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dc.contributor.authorSullivan, Michael K
dc.contributor.authorLees, Jennifer S
dc.contributor.authorDrake, Thomas M
dc.contributor.authorDocherty, Annemarie B
dc.contributor.authorOates, Georgia
dc.contributor.authorHardwick, Hayley E
dc.contributor.authorRussell, Clark D
dc.contributor.authorMerson, Laura
dc.contributor.authorDunning, Jake
dc.contributor.authorNguyen-Van-Tam, Jonathan S
dc.contributor.authorOpenshaw, Peter
dc.contributor.authorHarrison, Ewen M
dc.contributor.authorBaillie, J Kenneth
dc.contributor.authorISARIC4C Investigators
dc.contributor.authorSemple, Malcolm G
dc.contributor.authorHo, Antonia
dc.contributor.authorMark, Patrick B
dc.date.accessioned2022-04-28T23:30:49Z
dc.date.available2022-04-28T23:30:49Z
dc.date.issued2022-01-25
dc.identifier.issn0931-0509
dc.identifier.urihttps://www.repository.cam.ac.uk/handle/1810/336591
dc.description.abstractBACKGROUND: Acute kidney injury (AKI) is common in coronavirus disease 2019 (COVID-19). This study investigated adults hospitalized with COVID-19 and hypothesized that risk factors for AKI would include comorbidities and non-White race. METHODS: A prospective multicentre cohort study was performed using patients admitted to 254 UK hospitals with COVID-19 between 17 January 2020 and 5 December 2020. RESULTS: Of 85 687 patients, 2198 (2.6%) received acute kidney replacement therapy (KRT). Of 41 294 patients with biochemistry data, 13 000 (31.5%) had biochemical AKI: 8562 stage 1 (65.9%), 2609 stage 2 (20.1%) and 1829 stage 3 (14.1%). The main risk factors for KRT were chronic kidney disease (CKD) [adjusted odds ratio (aOR) 3.41: 95% confidence interval 3.06-3.81], male sex (aOR 2.43: 2.18-2.71) and Black race (aOR 2.17: 1.79-2.63). The main risk factors for biochemical AKI were admission respiratory rate >30 breaths per minute (aOR 1.68: 1.56-1.81), CKD (aOR 1.66: 1.57-1.76) and Black race (aOR 1.44: 1.28-1.61). There was a gradated rise in the risk of 28-day mortality by increasing severity of AKI: stage 1 aOR 1.58 (1.49-1.67), stage 2 aOR 2.41 (2.20-2.64), stage 3 aOR 3.50 (3.14-3.91) and KRT aOR 3.06 (2.75-3.39). AKI rates peaked in April 2020 and the subsequent fall in rates could not be explained by the use of dexamethasone or remdesivir. CONCLUSIONS: AKI is common in adults hospitalized with COVID-19 and it is associated with a heightened risk of mortality. Although the rates of AKI have fallen from the early months of the pandemic, high-risk patients should have their kidney function and fluid status monitored closely.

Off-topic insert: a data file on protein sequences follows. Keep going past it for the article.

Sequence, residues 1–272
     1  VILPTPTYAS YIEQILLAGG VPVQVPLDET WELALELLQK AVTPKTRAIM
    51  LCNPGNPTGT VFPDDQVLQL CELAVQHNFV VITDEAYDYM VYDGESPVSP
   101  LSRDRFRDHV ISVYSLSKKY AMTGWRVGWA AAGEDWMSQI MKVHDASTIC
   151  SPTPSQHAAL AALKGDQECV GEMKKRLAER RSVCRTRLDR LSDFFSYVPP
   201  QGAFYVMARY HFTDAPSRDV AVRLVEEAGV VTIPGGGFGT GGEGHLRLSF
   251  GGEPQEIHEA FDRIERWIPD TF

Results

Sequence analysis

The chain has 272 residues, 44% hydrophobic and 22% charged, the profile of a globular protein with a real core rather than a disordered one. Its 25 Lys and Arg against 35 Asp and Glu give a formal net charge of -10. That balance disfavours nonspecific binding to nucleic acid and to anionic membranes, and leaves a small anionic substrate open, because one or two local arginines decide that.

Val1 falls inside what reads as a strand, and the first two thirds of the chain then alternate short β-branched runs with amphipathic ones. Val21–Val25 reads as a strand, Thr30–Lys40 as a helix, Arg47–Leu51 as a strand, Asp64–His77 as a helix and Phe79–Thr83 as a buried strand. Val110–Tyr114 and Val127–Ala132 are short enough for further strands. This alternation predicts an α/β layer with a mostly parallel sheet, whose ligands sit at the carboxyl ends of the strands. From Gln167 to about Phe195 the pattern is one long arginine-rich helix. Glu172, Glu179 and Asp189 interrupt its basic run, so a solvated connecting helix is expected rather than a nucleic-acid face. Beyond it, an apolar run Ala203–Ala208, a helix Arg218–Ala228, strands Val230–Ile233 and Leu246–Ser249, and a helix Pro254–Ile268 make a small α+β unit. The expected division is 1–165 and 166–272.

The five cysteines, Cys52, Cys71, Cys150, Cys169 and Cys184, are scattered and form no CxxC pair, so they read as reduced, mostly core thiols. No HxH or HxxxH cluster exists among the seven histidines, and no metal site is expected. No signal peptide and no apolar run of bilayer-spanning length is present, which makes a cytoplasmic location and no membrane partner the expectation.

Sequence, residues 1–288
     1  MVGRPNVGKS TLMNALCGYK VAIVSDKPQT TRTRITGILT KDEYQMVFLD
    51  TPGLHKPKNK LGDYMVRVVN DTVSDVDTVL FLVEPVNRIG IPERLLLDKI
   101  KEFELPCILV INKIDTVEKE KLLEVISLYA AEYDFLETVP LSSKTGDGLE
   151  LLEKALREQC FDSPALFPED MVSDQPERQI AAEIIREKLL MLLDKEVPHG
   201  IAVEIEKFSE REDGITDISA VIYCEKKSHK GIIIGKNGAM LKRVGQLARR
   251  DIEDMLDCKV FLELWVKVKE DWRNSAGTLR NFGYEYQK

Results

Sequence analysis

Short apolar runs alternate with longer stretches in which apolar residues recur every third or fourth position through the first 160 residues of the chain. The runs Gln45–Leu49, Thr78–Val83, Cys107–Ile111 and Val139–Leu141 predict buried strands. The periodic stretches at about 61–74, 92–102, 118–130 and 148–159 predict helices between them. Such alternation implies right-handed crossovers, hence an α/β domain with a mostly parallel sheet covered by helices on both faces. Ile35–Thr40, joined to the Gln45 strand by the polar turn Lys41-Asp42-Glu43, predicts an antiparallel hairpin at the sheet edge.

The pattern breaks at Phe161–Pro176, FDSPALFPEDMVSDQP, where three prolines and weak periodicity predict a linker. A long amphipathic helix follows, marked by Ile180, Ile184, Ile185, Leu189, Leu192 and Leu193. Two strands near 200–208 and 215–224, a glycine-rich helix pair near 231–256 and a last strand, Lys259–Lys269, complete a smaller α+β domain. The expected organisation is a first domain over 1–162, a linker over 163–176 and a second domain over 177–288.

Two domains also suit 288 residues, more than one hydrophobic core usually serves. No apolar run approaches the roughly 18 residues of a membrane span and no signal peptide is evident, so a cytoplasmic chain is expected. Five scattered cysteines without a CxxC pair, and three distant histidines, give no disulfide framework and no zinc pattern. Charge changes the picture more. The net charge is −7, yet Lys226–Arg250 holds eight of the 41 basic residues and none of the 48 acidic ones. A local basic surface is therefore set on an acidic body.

dc.format.mediumPrint
dc.publisherOxford University Press (OUP)
dc.rightsAttribution 4.0 International
dc.rights.urihttps://creativecommons.org/licenses/by/4.0/
dc.subjectCOVID-19
dc.subjectSARS-CoV-2
dc.subjectacute kidney injury
dc.subjectdialysis
dc.subjectrenal failure
dc.subjectAcute Kidney Injury
dc.subjectCOVID-19
dc.subjectCohort Studies
dc.subjectHospital Mortality
dc.subjectHumans
dc.subjectMale
dc.subjectProspective Studies
dc.subjectRetrospective Studies
dc.subjectRisk Factors
dc.subjectSARS-CoV-2
dc.subjectUnited Kingdom
dc.subjectWorld Health Organization
dc.titleAcute kidney injury in patients hospitalized with COVID-19 from the ISARIC WHO CCP-UK Study: a prospective, multicentre cohort study.
dc.typeArticle
dc.date.updated2022-04-28T10:01:36Z
prism.endingPage284
prism.issueIdentifier2
prism.publicationDate2022
prism.publicationNameNephrol Dial Transplant
prism.startingPage271
prism.volume37
dc.identifier.doi10.17863/CAM.84013
rioxxterms.versionofrecord10.1093/ndt/gfab303
rioxxterms.versionVoR
dc.contributor.orcidSullivan, Michael K [0000-0002-3800-2330]
dc.contributor.orcidLees, Jennifer S [0000-0001-6331-0178]
dc.contributor.orcidSemple, Malcolm G [0000-0001-9700-0418]
dc.contributor.orcidHo, Antonia [0000-0003-1465-3785]
dc.contributor.orcidMark, Patrick B [0000-0003-3387-2123]
dc.identifier.eissn1460-2385
rioxxterms.typeJournal Article/Review
cam.issuedOnline2021-10-18
cam.depositDate2022-04-28
pubs.licence-identifierapollo-deposit-licence-2-1
pubs.licence-display-nameApollo Repository Deposit Licence Agreement


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Attribution 4.0 International
Except where otherwise noted, this item's licence is described as Attribution 4.0 International